Thirteen-year-old Iraqi Ayad al-Sirowiy was injured by an American bomb, which scarred his face so that he was too embarrassed to attend school. After seeing his picture on the cover of the New York Times, several concerned Americans (with notably disparate political affiliations) worked to bring him to the U.S. for medical treatment. While here, Ayad and his father visited the United Nations, toured the Pentagon, and met with U.S. senator Patrick Leahy.
Sure, Ayad’s physical problems can’t be completely fixed, but today’s NYT article struck me as overly accentuating the negative:
But the miracle metamorphosis didn’t happen. Ayad thought he was going to get a new eye; instead he got a contact lens. And the laser surgery that was promised to erase his facial scars will only lighten them, unless he can receive follow-up treatment in the United States or another modern country, which is highly unlikely once he leaves behind the silky sheets and first-class hotels for his mud hut.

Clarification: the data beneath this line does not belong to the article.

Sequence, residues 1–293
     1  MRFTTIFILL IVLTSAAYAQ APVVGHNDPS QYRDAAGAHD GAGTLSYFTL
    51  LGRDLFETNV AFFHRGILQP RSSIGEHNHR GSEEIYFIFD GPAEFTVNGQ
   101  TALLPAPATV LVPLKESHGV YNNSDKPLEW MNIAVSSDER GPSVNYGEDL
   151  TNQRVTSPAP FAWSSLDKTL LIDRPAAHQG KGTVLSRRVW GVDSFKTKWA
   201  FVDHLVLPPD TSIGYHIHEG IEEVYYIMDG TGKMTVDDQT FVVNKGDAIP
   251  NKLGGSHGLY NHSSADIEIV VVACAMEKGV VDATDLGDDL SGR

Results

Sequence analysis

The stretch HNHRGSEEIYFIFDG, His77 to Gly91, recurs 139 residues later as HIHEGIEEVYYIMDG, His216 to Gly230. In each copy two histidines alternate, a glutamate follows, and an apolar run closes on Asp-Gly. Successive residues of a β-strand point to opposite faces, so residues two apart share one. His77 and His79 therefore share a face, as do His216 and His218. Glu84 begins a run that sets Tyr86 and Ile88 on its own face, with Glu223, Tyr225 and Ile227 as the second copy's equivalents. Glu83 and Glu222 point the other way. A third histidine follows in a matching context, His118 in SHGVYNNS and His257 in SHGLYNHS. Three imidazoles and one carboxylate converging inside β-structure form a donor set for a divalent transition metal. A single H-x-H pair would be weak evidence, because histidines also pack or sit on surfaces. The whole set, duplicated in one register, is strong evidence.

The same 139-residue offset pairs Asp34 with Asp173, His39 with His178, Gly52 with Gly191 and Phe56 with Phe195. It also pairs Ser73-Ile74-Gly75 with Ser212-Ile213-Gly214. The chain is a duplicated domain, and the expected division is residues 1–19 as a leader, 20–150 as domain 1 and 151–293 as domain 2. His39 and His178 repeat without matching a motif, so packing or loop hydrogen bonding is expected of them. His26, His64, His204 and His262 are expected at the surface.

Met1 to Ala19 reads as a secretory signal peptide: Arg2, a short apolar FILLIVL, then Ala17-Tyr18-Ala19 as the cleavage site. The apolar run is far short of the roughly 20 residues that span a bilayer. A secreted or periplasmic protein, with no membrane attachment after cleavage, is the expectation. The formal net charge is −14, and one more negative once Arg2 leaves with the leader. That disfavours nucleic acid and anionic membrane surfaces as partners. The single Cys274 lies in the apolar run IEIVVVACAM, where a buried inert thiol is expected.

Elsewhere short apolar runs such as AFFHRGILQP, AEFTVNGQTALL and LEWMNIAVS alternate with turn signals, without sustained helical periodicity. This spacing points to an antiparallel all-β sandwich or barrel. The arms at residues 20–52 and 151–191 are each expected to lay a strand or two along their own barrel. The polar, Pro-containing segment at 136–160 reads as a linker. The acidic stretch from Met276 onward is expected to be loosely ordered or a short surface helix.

. . .
Ayad saluted a picture of the president, saying in English, “Bush, very, very good.”
Meanwhile, his father was boiling inside. During an interview with an Arab television network, he went into a tirade about being promised money and gifts.
“I demand to face George W. Bush, and I have some things to say straight to him,” he said.
On Wednesday afternoon, the two were more somber. They were scheduled to leave New York on an 11 p.m. flight for the Middle East and the sight of their suitcases stuffed with new clothes, cameras and Herbal Essence shampoo depressed them.
“I thought the Americans could do everything,” Ayad’s father said.
Ayad stared at the carpet and whispered, “I hope we come back.”